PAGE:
Decoding Diversion Permitting: What the Federal Dashboard Means for Restoring Coastal Louisiana

By Maura Wood, Partnership Manager, Coastal Louisiana Restoration, National Wildlife Federation

Sediment Diversion Design - Restore the Mississippi River Delta

Conceptual design of a sediment diversion. Credit: CPRA.

It’s official! The Federal Permitting Dashboard has been updated for the Mid-Barataria Sediment Diversion project! The CPP is revised! Most importantly, the target date for completing permitting has moved up by almost two years! It’s pretty cool stuff, but you might be asking, “What’s a dashboard?” or “What is a CPP?!”  So allow us to explain.

The Mid-Barataria Sediment Diversion project will reconnect the Mississippi River with the wetlands in the Barataria Basin, an area with one of the highest land loss rates in the world, delivering the sand and mud that builds coastal land. The diversion will work in concert with large-scale marsh creation and ridge restoration to restore a functional delta ecosystem. That means a basin with a range of salinities from fresh to salty, and a range of habitats from cypress swamp to salt marshes. A functional ecosystem can deliver a range of valuable services, including putting more land between communities and storm surge, providing a nursery ground for fish and shrimp and harboring a thriving commercial fishing industry.

What is the Federal Dashboard?

This project is a linchpin of the Coastal Master Plan. Without it, nearby restoration attempts such as marsh creation will sink over time due to lack of sediment. It is essential to build Mid-Barataria as quickly as possible. To get started, the project must undergo an environmental review to assess the changes that might occur if it is built and the resulting impacts. Environmental reviews are important to ensure that projects are designed and built in a manner that protects public health, safety and the environment. However, reviews of large, complex projects take time — sometimes five years or more. The Barataria Basin doesn’t have that long to wait! In 2016, Congress created the Federal Infrastructure Permitting Dashboard as a tool to ensure transparency, accountability and interagency coordination in the permitting of large, complex projects. The Mid-Barataria Sediment Diversion stands proudly as the first restoration project to be placed on the national Dashboard.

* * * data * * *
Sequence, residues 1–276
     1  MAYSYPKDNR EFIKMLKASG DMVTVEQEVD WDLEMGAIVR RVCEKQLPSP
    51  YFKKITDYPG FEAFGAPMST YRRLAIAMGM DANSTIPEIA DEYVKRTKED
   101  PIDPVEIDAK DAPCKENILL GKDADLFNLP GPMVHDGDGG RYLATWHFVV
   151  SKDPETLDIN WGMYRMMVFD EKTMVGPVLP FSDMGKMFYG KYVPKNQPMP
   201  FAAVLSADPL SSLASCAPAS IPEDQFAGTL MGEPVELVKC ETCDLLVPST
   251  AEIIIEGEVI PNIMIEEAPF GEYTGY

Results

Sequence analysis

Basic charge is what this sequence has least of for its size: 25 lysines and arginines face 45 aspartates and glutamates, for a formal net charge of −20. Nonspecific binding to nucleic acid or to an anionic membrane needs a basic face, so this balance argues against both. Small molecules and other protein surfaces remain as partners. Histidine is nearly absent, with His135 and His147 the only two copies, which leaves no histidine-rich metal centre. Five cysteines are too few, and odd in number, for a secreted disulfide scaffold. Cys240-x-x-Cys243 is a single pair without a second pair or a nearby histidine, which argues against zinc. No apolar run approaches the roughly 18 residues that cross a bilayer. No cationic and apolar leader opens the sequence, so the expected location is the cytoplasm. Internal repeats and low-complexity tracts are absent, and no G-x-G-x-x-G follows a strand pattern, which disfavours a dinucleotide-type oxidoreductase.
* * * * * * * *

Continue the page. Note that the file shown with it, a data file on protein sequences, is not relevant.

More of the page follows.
What is a CPP?

The Dashboard provides an online space where the permitting timelines for covered projects are posted and tracked, giving the public a window into the environmental review process. It accomplishes this by requiring all of the agencies with a role in permitting the project to come together early on, and to develop a detailed plan — called a Coordinated Project Plan (CPP). This CPP clearly spells out all of the required permits and authorizations for the project and assigns responsibilities and deadlines for completing them. It allows (and encourages) reviews to happen simultaneously where possible and promotes increased communication on the front end of the project, to avoid delays later. Importantly, the CPP must be updated quarterly, providing an opportunity four times a year for the participating agencies to demonstrate that they are meeting (or beating!) deadlines.

Anyone can access the Dashboard online, review the timeline and use the information to hold the agencies accountable to their commitment. Again, this allows the public to see if the timeline has slipped, or if it has in fact been accelerated. Mid-Barataria first appeared on the Dashboard in February 2017. The timeline posted then set a target date of April 2022 — more than five years before construction could begin! Ouch! Fortunately, the agencies involved continued to look for time saving options. The most recent quarterly update for Mid-Barataria actually cut almost 2 years from the permitting timeline! WOOHOO! The target date for completing the permit process for Mid-Barataria is now November 2020. This date is certainly more in keeping with urgency of the project.

Click here to learn more about the critically important Mid-Barataria Sediment Diversion.